William & Mary Journal of Race, Gender, and Social Justice


Jamie R. Abrams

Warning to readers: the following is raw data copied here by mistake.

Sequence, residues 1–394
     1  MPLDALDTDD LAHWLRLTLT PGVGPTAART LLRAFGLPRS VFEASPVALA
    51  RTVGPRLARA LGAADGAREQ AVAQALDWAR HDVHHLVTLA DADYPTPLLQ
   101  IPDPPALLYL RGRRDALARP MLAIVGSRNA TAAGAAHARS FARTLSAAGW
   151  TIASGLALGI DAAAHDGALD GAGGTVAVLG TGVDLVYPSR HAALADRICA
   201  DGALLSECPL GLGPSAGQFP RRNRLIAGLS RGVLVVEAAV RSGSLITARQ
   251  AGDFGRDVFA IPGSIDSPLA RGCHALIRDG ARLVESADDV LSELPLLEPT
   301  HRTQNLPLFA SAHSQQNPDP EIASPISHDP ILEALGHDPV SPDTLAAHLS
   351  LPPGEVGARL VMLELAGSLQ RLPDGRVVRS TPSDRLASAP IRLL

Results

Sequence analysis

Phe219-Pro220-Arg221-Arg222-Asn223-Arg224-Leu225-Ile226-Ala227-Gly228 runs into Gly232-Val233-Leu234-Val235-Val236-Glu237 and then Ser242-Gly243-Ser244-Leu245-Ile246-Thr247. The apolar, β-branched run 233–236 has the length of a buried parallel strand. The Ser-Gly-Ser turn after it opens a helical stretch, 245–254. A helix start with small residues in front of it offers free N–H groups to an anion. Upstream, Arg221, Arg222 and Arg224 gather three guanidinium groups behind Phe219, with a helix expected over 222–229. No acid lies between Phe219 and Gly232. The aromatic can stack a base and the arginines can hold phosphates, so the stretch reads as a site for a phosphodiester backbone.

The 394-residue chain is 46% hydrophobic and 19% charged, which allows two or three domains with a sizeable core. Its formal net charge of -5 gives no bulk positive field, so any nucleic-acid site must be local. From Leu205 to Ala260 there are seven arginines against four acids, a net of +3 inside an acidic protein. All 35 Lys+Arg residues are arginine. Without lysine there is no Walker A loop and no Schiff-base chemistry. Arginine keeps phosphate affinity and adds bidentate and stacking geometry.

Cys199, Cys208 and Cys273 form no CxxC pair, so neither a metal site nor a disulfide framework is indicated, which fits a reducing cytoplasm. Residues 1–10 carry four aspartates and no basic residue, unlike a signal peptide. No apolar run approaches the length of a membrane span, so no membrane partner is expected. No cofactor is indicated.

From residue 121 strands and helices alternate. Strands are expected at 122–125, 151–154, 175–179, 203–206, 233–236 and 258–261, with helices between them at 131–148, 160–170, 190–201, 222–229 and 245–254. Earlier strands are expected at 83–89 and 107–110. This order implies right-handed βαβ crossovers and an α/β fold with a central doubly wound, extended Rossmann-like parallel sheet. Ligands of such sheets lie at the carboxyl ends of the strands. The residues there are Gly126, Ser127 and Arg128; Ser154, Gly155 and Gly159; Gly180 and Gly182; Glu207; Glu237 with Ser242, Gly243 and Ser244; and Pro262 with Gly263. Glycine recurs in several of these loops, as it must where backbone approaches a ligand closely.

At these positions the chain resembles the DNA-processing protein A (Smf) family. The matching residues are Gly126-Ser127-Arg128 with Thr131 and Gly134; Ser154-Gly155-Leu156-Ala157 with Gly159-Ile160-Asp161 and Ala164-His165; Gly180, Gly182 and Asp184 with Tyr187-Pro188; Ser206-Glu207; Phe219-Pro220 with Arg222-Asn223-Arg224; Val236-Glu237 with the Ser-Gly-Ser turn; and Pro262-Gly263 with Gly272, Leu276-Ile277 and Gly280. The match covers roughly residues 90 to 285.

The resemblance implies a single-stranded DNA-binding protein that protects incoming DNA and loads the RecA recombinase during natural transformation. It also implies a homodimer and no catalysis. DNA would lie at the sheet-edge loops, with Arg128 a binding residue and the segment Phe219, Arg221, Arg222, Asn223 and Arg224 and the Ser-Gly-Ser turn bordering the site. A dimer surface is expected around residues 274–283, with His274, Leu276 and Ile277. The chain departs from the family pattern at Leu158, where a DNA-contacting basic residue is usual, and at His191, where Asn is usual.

Before an enraged gunman fired thirty-six deadly shots into an exercise class filled with women, on August 4, 2009, in Pennsylvania, he blogged that his killing spree was the result of his failure to meet society’s expectations of him as a man. This violent act tragically affirms that hegemonic masculinity — a dominant form of masculinity whereby some types of men have power over women and over some other men — can directly cause violence against women and reveals both an underlying connection between masculinities scholarship and feminist scholarship and the value in exploring that linkage further in both theory and praxis. This article examines the victories and collateral consequences of feminist law reforms challenging hegemonic masculinity as codified and perpetuated in the law. This article focuses on expressions of hegemonic masculinity in the family and the military — two institutions that occupy the theoretical feminist “front lines.” It concludes that feminist law reforms launched a foundational challenge to hegemonic masculinity through its domestic violence reforms. Yet these reforms also entrenched hegemonic masculinity in other ways by perpetuating gender stereotypes positioning all men as prone to violence and all women as vulnerable to victimization and displacing the men and women that function outside these binary constructs. These reforms also masculinized the state by positioning it as the surrogate masculine defender of women and of traditional families. While the domestic violence movement may have contemplated and mitigated these collateral consequences in context, this article examines a previously unexplored angle: how the further entrenchment of hegemonic masculinity migrated to impact women’s military integration. The momentum of feminist law reform successes criminalizing domestic violence in the family also advanced military integration advocacy, reforming military codes and policies to penalize violence against women. More notable, however, the domestic violence movement successfully contributed to women’s expanded access to combat positions, signaling the partial extraction of hegemonic expressions of male violence from the law more broadly — not just to protect women from violence, but to expand professional opportunities for women. But as the victory migrated, so too did the collateral consequences entrenching hegemonic masculinity; indeed they were compounded. Positioning the state as the surrogate masculine protector of women and of traditional families compounded in the military because it reinforced protectionist arguments opposing integration. This article concludes by examining the implications of this analysis to feminist theory and praxis. It recommends that feminism re-engage its narrative grassroots methodology to absorb more holistically the experiences of women who would wield strength, aggression, and violence in all its forms. This article considers how and why masculinities scholarship reveals the synergistic benefits of generating more complex and interconnected responses to violence against women, women’s violence, male violence, and male vulnerability.